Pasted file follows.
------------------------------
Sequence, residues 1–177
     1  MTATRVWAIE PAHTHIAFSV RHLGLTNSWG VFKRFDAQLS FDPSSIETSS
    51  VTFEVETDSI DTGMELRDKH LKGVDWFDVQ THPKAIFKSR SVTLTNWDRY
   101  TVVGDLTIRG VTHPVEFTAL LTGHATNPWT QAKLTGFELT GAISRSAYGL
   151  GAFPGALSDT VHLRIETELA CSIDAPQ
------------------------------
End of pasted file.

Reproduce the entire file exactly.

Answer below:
Sequence, residues 1–177
     1  MTATRVWAIE PAHTHIAFSV RHLGLTNSWG VFKRFDAQLS FDPSSIETSS
    51  VTFEVETDSI DTGMELRDKH LKGVDWFDVQ THPKAIFKSR SVTLTNWDRY
   101  TVVGDLTIRG VTHPVEFTAL LTGHATNPWT QAKLTGFELT GAISRSAYGL
   151  GAFPGALSDT VHLRIETELA CSIDAPQ